Living in a culture of not having enough can result in a self-defeating thought pattern which occurs when we compare our lives, our marriages, our families, our communities, our reality against our view of how great someone else has it.  Brene Brown describes scarcity in “Daring Greatly” and suggests feeling of scarcity thrives in shame-prone cultures that are steeped in comparison.  Brown suggests scarcity has three components and offers some questions that may be helpful to access your family, team, and company culture:

1.  Shame:  Is fear of ridicule and belittling used to keep people in line in your family or team?  Is self-worth tied to achievement?   Is blaming and finger pointing a part of your company culture?  Do you engage in name calling?

2.  Comparison:  Healthy competition can be beneficial, but are you constantly comparing yourself to others?  Do you acknowledge people for their unique gifts and contributions or are people held to one narrow standard?  Is there one ideal way of being to measure everyone’s self worth?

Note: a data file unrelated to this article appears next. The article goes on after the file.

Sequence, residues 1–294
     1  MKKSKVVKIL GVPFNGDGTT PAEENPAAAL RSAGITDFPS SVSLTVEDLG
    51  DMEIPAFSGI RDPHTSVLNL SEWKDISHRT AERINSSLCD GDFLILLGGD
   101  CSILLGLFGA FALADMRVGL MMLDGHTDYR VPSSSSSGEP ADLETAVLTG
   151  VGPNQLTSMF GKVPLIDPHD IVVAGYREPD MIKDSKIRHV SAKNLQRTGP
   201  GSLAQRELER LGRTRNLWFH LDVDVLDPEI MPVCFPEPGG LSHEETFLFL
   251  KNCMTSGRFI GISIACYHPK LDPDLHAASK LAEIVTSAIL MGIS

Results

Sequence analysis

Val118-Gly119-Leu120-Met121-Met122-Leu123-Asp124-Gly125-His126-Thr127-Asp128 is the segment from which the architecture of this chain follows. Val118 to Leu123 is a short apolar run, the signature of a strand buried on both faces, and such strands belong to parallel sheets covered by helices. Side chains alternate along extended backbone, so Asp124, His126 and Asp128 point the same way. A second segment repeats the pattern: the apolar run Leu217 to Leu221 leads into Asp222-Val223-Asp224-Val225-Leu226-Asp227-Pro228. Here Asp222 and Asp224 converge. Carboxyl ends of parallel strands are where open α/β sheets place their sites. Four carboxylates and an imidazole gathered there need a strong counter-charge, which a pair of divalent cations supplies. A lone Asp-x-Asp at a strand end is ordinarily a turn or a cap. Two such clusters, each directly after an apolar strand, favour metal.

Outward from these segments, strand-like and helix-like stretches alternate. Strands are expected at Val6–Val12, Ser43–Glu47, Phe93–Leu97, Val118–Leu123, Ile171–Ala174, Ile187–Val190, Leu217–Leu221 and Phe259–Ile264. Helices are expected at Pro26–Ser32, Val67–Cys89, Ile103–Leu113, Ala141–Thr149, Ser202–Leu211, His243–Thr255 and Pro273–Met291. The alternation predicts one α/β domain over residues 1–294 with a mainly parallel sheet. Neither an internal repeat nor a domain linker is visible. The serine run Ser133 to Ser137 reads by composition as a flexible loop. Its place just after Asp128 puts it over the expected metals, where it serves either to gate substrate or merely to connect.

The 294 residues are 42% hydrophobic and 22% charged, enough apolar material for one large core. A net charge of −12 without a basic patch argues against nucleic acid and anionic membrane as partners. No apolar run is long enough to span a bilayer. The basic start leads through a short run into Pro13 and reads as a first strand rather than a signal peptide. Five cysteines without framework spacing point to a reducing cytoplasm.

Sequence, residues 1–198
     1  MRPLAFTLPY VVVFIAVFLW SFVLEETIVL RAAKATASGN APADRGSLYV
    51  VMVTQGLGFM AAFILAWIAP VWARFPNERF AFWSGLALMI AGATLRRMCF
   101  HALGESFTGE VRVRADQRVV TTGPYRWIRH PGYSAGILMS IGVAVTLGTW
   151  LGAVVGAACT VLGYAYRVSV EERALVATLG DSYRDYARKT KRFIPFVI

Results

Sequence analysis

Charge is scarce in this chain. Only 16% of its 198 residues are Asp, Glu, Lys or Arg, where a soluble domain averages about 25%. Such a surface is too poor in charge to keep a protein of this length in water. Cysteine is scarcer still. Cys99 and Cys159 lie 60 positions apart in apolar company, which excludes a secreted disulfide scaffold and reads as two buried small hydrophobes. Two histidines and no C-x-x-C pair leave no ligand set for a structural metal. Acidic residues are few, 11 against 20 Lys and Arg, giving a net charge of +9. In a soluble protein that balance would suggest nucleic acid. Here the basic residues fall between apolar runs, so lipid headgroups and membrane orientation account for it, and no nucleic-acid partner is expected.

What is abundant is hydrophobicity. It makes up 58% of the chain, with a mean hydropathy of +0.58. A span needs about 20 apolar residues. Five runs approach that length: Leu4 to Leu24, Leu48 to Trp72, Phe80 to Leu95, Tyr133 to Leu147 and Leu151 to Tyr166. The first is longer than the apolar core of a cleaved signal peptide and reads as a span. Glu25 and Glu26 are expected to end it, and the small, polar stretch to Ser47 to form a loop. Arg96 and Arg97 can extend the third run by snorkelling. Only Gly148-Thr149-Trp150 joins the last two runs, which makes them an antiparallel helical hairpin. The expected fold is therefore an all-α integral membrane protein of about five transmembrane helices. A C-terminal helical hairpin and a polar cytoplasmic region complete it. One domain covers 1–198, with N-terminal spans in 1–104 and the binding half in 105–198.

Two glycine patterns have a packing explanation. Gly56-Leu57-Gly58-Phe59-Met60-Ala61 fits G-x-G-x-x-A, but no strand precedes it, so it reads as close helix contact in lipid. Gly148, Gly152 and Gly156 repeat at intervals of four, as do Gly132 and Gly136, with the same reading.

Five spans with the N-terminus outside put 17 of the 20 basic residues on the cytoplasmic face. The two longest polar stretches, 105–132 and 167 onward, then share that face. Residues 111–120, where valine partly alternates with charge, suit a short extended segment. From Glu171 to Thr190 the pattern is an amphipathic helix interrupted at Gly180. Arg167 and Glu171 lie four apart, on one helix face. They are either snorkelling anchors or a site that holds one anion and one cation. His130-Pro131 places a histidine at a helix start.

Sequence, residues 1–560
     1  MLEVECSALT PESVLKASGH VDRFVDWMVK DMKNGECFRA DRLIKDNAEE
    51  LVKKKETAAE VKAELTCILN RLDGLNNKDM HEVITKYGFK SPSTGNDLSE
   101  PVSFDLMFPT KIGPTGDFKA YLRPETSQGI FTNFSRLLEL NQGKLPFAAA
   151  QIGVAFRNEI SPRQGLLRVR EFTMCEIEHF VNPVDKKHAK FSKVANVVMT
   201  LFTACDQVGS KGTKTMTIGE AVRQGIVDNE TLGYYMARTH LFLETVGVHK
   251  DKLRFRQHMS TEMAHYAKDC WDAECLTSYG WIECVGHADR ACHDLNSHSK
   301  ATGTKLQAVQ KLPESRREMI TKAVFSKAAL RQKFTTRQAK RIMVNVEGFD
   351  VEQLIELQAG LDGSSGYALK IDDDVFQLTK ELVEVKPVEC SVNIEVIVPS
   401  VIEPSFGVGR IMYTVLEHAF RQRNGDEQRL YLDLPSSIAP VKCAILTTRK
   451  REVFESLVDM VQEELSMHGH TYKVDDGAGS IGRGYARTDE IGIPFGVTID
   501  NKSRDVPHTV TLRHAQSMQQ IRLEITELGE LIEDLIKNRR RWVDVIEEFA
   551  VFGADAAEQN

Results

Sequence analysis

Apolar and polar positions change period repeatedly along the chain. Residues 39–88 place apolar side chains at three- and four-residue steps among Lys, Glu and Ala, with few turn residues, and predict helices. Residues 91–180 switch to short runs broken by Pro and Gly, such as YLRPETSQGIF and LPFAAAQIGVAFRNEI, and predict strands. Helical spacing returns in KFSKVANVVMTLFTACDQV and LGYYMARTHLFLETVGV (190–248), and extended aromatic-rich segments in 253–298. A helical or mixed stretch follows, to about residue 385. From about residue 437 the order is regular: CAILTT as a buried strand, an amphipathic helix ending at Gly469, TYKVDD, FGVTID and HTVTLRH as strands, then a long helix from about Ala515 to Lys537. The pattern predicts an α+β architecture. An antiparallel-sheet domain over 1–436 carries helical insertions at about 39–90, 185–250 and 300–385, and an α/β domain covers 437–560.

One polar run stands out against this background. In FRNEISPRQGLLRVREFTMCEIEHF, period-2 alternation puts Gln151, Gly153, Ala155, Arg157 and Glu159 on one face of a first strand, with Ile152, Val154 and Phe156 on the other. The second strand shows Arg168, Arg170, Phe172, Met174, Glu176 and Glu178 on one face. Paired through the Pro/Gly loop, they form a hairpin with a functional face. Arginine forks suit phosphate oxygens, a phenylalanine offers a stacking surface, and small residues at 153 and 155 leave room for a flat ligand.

3.  Disengagement:  Are people afraid to take risks and try new things?  Is it easier to stay quiet than to share stories, experiences, and ideas?  Does it feel like no one is listening?  Are you struggling to be seen and heard? 

The opposite of “never enough” is not abundance, but rather vulnerability and worthiness:  facing uncertainty, taking emotional risks, and knowing that you are enough.  Brown explains, “The greatest casualties of a scarcity culture are our willingness to own our vulnerabilities and our ability to engage from a place of worthiness.”   Courage starts with showing up and letting ourselves be seen.